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Patients who have been exposed to unsafe practices in Dunedin Hospital may feel they have been placed at risk and they should have been told, the New Zealand Sterile Services Association (NZSSA) says.
The professional body issued a statement yesterday backing up Public Service Association concerns about sterilisation practices at Dunedin Hospital.
This week the Southern District Health Board admitted gynaecological ring pessaries designed for single use had been used multiple times.
The practice has now been stopped.
NZSSA president Shelagh Thomas said the DHB had failed to inform women the procedure involved the use of a reprocessed single-use device.
"These women will feel that they have received below-standard service, and may consider that they have been placed at unnecessary risk when they read the article.''
The PSA's concerns include the corroded state of some surgical equipment manufactured in-house.
Ms Thomas said the use of substandard surgical equipment was an issue for other health boards, too.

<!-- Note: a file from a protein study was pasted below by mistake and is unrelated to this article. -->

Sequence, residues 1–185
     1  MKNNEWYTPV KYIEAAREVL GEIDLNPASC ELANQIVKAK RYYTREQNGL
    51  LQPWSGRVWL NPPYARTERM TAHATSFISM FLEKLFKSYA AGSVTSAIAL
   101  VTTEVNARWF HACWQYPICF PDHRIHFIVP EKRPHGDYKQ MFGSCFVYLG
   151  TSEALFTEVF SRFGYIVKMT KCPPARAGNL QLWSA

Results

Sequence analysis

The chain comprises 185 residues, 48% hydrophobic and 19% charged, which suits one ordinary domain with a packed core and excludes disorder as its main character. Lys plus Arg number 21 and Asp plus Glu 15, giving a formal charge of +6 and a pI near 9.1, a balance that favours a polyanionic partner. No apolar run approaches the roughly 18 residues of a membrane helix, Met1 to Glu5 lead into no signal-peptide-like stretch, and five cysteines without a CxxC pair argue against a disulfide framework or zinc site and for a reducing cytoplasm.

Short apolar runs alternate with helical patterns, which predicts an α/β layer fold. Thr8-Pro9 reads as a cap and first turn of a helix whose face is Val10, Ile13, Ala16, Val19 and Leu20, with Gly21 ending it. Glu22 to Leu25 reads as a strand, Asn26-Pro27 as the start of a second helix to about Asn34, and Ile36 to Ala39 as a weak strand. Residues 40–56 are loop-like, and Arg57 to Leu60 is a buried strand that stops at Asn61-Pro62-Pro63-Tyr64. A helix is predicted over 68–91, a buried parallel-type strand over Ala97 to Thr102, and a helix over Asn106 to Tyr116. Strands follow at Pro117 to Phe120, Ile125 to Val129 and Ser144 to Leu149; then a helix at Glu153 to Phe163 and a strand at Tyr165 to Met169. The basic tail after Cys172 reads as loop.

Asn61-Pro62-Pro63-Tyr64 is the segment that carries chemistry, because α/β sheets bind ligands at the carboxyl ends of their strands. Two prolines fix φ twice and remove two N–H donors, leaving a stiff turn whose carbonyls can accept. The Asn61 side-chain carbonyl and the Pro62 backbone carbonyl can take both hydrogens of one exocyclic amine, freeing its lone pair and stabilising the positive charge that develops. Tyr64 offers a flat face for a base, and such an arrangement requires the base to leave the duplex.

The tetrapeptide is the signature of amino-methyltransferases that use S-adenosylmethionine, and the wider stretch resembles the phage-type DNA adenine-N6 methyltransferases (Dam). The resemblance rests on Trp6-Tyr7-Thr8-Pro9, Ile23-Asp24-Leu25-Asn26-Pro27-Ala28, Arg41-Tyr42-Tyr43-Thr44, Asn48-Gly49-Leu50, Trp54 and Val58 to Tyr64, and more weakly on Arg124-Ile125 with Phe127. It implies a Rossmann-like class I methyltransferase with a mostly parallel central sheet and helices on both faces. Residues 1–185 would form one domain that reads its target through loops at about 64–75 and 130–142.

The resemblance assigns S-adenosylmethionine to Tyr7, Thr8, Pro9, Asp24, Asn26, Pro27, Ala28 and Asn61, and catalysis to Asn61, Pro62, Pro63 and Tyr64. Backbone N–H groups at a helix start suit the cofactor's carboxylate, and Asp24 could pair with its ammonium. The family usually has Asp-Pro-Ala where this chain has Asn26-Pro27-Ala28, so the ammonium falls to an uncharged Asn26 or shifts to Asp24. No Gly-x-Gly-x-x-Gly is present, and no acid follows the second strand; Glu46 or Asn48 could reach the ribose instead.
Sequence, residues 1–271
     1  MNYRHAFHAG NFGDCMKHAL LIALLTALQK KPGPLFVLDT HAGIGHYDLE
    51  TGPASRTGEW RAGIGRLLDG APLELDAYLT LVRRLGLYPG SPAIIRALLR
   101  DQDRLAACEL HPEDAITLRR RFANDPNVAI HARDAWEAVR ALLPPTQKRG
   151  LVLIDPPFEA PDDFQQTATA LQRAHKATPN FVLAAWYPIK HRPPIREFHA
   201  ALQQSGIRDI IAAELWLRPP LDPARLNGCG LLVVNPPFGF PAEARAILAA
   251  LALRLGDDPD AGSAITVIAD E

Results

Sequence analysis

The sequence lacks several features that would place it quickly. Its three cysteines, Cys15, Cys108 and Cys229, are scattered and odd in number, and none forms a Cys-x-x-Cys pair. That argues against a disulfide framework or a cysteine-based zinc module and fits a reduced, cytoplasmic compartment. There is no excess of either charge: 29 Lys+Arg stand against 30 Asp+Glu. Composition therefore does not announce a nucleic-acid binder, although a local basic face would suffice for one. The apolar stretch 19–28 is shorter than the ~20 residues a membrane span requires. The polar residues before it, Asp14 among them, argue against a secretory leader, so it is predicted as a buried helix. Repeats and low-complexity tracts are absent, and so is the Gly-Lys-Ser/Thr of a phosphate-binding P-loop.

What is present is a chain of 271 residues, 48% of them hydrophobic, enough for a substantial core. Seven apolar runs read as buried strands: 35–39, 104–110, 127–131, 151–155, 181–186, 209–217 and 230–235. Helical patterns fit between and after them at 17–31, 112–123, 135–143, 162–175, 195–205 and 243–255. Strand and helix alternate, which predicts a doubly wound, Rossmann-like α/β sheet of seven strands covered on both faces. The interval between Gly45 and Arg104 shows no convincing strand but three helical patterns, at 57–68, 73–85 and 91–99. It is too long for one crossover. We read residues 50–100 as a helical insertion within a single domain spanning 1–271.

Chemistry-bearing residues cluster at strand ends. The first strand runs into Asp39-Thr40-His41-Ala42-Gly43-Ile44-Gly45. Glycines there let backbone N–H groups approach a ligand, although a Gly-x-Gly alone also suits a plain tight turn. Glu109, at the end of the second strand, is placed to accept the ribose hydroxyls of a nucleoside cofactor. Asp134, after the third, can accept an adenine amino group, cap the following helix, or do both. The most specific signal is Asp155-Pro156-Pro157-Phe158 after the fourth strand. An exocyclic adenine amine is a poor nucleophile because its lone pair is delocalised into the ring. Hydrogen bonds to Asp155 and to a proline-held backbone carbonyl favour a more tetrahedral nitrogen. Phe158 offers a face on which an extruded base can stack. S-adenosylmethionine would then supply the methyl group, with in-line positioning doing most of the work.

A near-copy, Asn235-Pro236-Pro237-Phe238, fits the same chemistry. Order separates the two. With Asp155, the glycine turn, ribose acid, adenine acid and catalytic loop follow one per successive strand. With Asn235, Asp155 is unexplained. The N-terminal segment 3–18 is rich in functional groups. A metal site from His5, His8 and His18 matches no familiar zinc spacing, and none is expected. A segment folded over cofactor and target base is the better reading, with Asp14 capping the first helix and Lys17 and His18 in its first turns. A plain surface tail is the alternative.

"The association regularly hears from members about surgeons bringing their home-made or local store-bought equipment into the hospital and asking that it be processed for use on patients.‘‘Such equipment can contain rust and workshop oil deposits.
"We also hear of the lack of respect for sterile technicians and their specialised knowledge both from the employer and the medical and nursing staff.
"Fortunately, in some areas of NZ, the lot of the sterile technician is improving.
"However, there is still a long way to go,'' Ms Thomas said.
Health board director of quality Tina Gilbertson, in a statement last night, said gynaecological pessaries had been safely reprocessed for decades but "at some point'' were declared single-use by the manufacturing company and this went "unrecognised'' for some time.
The board does not believe the practice exposed women to significant risk of infection.
The use of hospital-manufactured surgical equipment is being phased out and the last item will be removed next month.
When contacted, a Ministry of Health spokesmansaid the ministry would respond on Monday.